Climate Change Is Threatening Dozens of Cultural Treasures Around the Mediterranean, UNESCO Warns
Only two of 49 UNESCO-recognized cultural sites around the Mediterranean Sea are safe from climate change, according to a new report.
UNESCO, the United Nations’ cultural preservation branch, warned on Tuesday that dozens of world heritage sites around the Mediterranean are threatened by rising sea levels, soil erosion, and other environmental dangers.
A team of researchers led by Lena Reimann of Kiel University examined four climate change-related scenarios measured against different levels of carbon pollution reduction, and how they might affect global cultural heritage sites.
The findings, published in the scientific journal Nature Communications, revealed that even if global warming remains capped at just two degrees Celsius above pre-industrial levels, many cultural treasures in the Mediterranean region will be threatened. In fact, only two of the 49 UNESCO-recognized ancient cultural sites around the Mediterranean Sea are safe from climate change, the report found, and the organization admitted there are few options for shielding them from the elements.
The researchers ranked the city of Venice, the Patriarchal Basilica of Aquileia, and the Renaissance city of Ferrara and its Po Delta as the sites at the highest risk from rising sea levels. Meanwhile, Tyre in Lebanon, the archaeological sites of Tarraco in Spain, and the Ephesus in Turkey are the most at-risk sites from coastal erosion, according to the report.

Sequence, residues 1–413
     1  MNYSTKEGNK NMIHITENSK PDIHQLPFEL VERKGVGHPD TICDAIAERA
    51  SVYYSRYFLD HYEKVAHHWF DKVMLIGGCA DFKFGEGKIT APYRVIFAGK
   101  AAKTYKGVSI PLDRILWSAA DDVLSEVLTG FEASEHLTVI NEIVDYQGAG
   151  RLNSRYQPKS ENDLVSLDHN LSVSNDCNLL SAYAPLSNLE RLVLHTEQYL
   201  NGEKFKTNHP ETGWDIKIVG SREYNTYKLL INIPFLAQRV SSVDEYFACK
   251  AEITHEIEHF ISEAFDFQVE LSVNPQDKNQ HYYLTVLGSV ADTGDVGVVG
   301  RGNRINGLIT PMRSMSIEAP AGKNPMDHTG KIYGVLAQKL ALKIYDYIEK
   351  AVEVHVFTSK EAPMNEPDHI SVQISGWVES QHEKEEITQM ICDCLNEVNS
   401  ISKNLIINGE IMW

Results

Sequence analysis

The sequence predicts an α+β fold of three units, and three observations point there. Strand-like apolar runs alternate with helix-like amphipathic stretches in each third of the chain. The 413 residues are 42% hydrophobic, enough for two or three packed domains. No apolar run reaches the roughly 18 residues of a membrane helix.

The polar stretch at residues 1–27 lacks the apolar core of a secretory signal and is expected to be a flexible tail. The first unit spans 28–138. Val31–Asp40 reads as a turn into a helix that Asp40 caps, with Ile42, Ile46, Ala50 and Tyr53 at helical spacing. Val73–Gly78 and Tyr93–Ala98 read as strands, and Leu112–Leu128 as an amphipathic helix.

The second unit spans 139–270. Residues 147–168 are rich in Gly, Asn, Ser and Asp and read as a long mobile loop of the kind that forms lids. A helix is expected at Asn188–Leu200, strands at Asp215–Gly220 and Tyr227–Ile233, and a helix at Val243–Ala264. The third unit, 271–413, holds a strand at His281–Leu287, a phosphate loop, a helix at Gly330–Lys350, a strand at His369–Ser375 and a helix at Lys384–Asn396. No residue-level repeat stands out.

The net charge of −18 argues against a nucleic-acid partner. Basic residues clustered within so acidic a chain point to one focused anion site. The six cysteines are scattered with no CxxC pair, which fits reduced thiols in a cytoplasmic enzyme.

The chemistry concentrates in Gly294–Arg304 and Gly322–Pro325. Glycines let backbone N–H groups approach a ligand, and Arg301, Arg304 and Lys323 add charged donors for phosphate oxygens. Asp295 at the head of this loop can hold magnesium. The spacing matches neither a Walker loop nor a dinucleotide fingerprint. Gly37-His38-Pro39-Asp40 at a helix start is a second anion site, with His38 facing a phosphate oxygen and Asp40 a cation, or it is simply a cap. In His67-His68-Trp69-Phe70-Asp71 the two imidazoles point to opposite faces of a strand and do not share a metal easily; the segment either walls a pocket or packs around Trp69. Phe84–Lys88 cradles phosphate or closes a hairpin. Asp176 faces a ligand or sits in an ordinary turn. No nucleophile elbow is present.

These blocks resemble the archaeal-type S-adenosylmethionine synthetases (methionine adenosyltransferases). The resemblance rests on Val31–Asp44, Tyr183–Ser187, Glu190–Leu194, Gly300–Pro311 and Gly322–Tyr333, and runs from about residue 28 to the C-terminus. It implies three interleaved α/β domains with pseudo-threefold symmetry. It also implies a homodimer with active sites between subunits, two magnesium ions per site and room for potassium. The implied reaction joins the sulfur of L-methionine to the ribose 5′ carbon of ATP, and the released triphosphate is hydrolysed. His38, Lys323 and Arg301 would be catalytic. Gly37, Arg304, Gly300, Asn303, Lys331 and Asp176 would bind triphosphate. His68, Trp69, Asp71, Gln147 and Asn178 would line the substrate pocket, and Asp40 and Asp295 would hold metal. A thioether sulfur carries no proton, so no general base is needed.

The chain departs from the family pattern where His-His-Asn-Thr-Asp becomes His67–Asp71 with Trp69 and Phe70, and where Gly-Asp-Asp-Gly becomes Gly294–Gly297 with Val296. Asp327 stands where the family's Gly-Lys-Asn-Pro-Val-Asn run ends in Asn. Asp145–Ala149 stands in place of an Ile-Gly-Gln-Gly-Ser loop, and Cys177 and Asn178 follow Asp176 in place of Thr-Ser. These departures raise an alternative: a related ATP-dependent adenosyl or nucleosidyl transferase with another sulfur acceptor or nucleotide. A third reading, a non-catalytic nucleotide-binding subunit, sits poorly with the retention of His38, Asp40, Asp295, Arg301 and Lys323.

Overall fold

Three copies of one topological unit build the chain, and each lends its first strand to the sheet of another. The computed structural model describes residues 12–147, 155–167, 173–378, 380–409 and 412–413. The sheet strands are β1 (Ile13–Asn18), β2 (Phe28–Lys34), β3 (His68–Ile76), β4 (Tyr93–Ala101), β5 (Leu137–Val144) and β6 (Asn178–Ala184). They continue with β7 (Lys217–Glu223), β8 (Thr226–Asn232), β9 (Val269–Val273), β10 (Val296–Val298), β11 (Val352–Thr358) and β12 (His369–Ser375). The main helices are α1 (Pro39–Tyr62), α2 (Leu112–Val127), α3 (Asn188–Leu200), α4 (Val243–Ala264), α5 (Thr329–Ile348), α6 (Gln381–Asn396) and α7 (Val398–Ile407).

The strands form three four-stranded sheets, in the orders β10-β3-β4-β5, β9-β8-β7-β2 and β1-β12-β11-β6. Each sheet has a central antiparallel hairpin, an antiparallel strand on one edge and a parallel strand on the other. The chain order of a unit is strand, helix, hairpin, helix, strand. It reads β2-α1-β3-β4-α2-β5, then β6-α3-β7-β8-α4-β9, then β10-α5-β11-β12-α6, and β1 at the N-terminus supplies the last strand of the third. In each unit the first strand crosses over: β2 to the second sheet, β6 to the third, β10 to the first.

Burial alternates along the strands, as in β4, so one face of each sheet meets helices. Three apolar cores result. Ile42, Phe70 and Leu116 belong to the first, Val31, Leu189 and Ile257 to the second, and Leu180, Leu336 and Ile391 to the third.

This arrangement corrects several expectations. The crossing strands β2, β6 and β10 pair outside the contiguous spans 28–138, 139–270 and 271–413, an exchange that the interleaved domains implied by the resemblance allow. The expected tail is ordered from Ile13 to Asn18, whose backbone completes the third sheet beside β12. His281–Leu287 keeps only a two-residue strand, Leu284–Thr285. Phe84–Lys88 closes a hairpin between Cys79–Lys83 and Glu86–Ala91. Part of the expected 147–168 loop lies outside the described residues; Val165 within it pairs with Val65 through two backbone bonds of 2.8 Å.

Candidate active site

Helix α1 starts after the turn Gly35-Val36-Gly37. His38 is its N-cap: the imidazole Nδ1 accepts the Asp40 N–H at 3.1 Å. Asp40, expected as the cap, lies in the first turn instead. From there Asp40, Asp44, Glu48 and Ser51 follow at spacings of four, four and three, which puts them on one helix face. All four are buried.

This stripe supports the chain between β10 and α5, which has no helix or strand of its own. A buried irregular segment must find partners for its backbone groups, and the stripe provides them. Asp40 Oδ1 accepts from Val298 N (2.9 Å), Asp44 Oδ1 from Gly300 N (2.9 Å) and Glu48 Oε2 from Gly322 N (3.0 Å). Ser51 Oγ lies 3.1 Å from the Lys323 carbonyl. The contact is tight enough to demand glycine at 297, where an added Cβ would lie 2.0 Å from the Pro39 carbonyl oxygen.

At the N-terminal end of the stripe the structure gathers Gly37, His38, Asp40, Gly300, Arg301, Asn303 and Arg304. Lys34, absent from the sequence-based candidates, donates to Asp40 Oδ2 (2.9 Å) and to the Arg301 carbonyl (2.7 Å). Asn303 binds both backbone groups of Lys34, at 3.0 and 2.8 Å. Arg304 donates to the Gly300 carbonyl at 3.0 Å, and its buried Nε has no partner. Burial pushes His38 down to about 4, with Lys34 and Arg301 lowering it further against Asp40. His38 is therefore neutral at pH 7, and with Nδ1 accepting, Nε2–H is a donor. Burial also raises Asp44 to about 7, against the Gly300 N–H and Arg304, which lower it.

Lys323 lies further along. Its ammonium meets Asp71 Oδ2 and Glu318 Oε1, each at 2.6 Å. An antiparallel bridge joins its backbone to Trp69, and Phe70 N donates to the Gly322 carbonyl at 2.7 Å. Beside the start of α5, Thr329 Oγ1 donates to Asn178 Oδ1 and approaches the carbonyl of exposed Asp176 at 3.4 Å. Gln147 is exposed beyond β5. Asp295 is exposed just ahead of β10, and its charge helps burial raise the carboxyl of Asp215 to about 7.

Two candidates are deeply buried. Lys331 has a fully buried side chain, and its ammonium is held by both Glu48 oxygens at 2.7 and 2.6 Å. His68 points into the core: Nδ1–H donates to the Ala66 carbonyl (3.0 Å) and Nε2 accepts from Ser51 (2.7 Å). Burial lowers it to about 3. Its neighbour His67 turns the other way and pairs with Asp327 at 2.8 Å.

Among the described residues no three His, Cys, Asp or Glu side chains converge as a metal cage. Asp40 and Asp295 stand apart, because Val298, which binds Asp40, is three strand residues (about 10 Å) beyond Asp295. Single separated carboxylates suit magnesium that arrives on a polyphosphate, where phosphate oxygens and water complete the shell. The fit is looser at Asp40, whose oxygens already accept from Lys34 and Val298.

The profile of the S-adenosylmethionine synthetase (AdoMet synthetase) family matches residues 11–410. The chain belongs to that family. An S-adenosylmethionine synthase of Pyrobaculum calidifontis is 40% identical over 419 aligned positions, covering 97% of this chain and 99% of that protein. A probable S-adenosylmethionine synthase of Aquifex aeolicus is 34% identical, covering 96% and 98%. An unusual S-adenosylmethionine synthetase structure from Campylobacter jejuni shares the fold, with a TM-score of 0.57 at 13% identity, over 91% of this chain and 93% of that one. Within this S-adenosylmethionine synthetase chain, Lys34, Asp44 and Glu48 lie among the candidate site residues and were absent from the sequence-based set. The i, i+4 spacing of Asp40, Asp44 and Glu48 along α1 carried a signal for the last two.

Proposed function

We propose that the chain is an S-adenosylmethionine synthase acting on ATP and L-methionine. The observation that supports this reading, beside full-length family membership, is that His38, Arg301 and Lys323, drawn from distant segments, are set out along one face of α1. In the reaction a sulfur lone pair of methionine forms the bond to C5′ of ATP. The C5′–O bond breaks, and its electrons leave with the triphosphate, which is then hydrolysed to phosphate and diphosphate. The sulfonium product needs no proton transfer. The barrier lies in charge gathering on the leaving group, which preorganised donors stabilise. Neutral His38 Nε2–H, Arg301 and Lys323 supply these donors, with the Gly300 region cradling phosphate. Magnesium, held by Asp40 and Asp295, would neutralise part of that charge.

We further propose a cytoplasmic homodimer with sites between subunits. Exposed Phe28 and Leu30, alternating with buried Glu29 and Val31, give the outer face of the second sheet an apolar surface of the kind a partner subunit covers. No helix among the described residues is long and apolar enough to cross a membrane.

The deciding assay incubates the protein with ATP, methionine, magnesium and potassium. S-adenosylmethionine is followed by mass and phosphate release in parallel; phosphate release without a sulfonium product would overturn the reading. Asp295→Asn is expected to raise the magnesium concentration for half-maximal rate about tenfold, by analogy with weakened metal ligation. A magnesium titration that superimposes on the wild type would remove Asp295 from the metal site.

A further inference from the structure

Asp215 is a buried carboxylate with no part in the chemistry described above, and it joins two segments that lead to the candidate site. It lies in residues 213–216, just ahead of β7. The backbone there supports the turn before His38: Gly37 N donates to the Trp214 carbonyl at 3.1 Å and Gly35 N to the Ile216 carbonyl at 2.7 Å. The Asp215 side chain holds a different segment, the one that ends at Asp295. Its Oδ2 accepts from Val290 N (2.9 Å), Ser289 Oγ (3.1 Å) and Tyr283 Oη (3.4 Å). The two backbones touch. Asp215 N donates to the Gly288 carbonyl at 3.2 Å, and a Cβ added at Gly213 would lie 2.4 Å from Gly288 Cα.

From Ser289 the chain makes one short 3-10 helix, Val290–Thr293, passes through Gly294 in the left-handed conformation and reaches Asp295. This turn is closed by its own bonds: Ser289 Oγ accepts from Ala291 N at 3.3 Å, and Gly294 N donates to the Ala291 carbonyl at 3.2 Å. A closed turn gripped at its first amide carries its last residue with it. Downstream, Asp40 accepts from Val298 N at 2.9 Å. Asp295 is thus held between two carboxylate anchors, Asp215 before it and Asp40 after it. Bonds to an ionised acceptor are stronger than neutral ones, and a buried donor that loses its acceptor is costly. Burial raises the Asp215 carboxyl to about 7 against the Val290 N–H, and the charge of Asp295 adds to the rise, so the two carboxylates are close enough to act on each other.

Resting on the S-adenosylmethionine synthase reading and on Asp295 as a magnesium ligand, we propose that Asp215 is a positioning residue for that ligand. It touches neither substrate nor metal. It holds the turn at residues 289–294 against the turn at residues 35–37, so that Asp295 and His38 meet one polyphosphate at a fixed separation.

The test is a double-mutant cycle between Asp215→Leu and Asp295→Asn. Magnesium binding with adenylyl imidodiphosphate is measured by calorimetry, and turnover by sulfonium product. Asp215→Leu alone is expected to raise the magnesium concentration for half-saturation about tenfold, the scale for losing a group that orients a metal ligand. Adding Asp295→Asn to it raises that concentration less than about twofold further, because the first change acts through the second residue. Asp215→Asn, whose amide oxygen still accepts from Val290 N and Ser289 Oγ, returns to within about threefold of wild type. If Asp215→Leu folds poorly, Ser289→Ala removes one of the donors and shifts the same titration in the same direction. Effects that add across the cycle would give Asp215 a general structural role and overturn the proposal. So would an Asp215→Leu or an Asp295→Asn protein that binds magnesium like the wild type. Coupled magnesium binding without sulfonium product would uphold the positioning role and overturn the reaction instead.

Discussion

“These World Heritage Sites are located along the northern Adriatic Sea, where extreme sea levels are highest as high storm surges coincide with high sea level rise,” the report concluded. “Sea level rise may become a larger threat to World Heritage Sites than a present-day once-in-a-century storm surge. Present day 100-year events in the Mediterranean may occur much more frequently, up to several times per year, by 2100.”
In 2013, the UN’s climate science department announced that ocean levels could rise by as much as 76 centimeters by 2100. However, more recent studies estimate that melting ice sheets may be affecting sea levels more than previously thought; the organization is expected to publish more detailed figures by September 2019.
Among the threatened sites, only a handful—including the Early Christian Monuments of Ravenna in north-east Italy and the Cathedral of St. James in Šibenik, Croatia—can be relocated, but not without compromising the surroundings that contribute to their appeal.
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